# How to solve inequalities with more than one absolute value expression

There are two parts to this question.
1. I'm seeing the correct method to solve these types of inequalities as something to do with "transition points". I don't quite understand this method. How do we find the specific inequalities, and how do we work with the boundaries once we set them?

1. I personally thought of a more systematic approach: Simplify one absolute value expression (convert to positive/negative cases), then, for each of those cases, split the second expression to get a total of 4 cases. Then, I string together the inequalities that I get after solving them all, via union or intersection as the inequality sign marks.

Edit: I've noticed the mistake in my process. In the Case 2 line, I forgot to switch the inequality sign. Still, I'm wondering why this isn't a viable strategy for solving these types of inequalities. Why is this method inferior to the method described in (1)?

Example problem: |x-3|+|2x+5| > 6
|x-3| > 6-|2x+5|
Case 1: x-3 > 6-|2x+5|
|2x+5| > 9-x
Case 1a: 2x+5 > 9-x, 3x > 4, x > 4/3
Case 1b: 2x+5 < x-9, x < -14
Case 2: x-3 > |2x+5|-6
|2x+5| < x+3
Case 2a: 2x+5 < x+3, x < -2,
Case 2b: 2x+5 < -x-3, 3x < -8, x > -8/3

String together the 4 resulting inequalities:
((x < 4/3)U(x < -14))U((x < -2)U(x > -8/3))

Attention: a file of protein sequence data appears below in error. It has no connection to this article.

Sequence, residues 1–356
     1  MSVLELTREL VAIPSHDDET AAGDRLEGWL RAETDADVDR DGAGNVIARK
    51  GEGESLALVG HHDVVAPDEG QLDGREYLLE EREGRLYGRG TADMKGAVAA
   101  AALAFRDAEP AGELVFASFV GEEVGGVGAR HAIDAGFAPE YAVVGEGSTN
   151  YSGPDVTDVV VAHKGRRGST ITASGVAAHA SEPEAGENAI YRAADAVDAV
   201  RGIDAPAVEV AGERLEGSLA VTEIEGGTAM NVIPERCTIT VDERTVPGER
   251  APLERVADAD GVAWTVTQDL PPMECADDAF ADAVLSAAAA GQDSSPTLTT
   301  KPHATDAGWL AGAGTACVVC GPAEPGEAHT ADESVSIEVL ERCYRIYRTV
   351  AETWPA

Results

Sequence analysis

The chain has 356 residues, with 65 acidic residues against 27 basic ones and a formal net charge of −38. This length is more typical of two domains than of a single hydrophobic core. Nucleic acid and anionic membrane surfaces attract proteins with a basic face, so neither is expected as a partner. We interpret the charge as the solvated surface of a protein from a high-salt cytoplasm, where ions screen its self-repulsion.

So my answer would be x < -2 U x > -8/3
This is wrong. The answer would actually be x < -8/3 U x > -2.

What did I do wrong?

• I didn't check the whole thing, but I notice one mistake in Case 2—the inequality sign is pointing the wrong way. Oct 5, 2015 at 7:38
• Indeed. I covered that in my edit. Oct 6, 2015 at 23:40
• The systematic approach you describe in step 2 is totally workable, by the way. Oct 7, 2015 at 6:18

We need to rewrite the inequation without using the absolute value. Let's recall the definition of the absolute value: $$\lvert x \rvert = \begin{cases} -x & \text{if x < 0,} \\ x & \text{if x \geq 0.} \end{cases}$$ The transition points are the solutions of the equations $x-3 = 0$ and $2x+5 = 0$. It can be covenient to use a table like this one.
$$\begin{array}{r|cccccccc} x & -\infty & & -5/2 & & 3 & & +\infty\\ \text{sign of x-3} & & - & & - & & + & \\ \lvert x-3 \rvert & & -x+3 & & -x+3 & & x-3 & \\ \text{sign of 2x+5} & & - & & + & & + & \\ \lvert 2x+5 \rvert & & -2x-5 & & 2x+5 & & 2x+5 & \\ \lvert x-3 \rvert + \lvert 2x+5 \rvert > 6 & & -3x-2 > 6 & & x+8 > 6 & & 3x+2 > 6 & \\ \text{Solutions} & & x<-8/3& & x>-2 & & x > 4/3 & & \\ \end{array}$$ The set of solutions of the inequation is $(-\infty, -8/3] \cup (-2,+\infty)$.
We know for real $y,$
$|y|=+y$ if $y\ge0$ else $|y|=-y$
Check for $x\ge3; -\dfrac52\le x<3; x< -\dfrac52$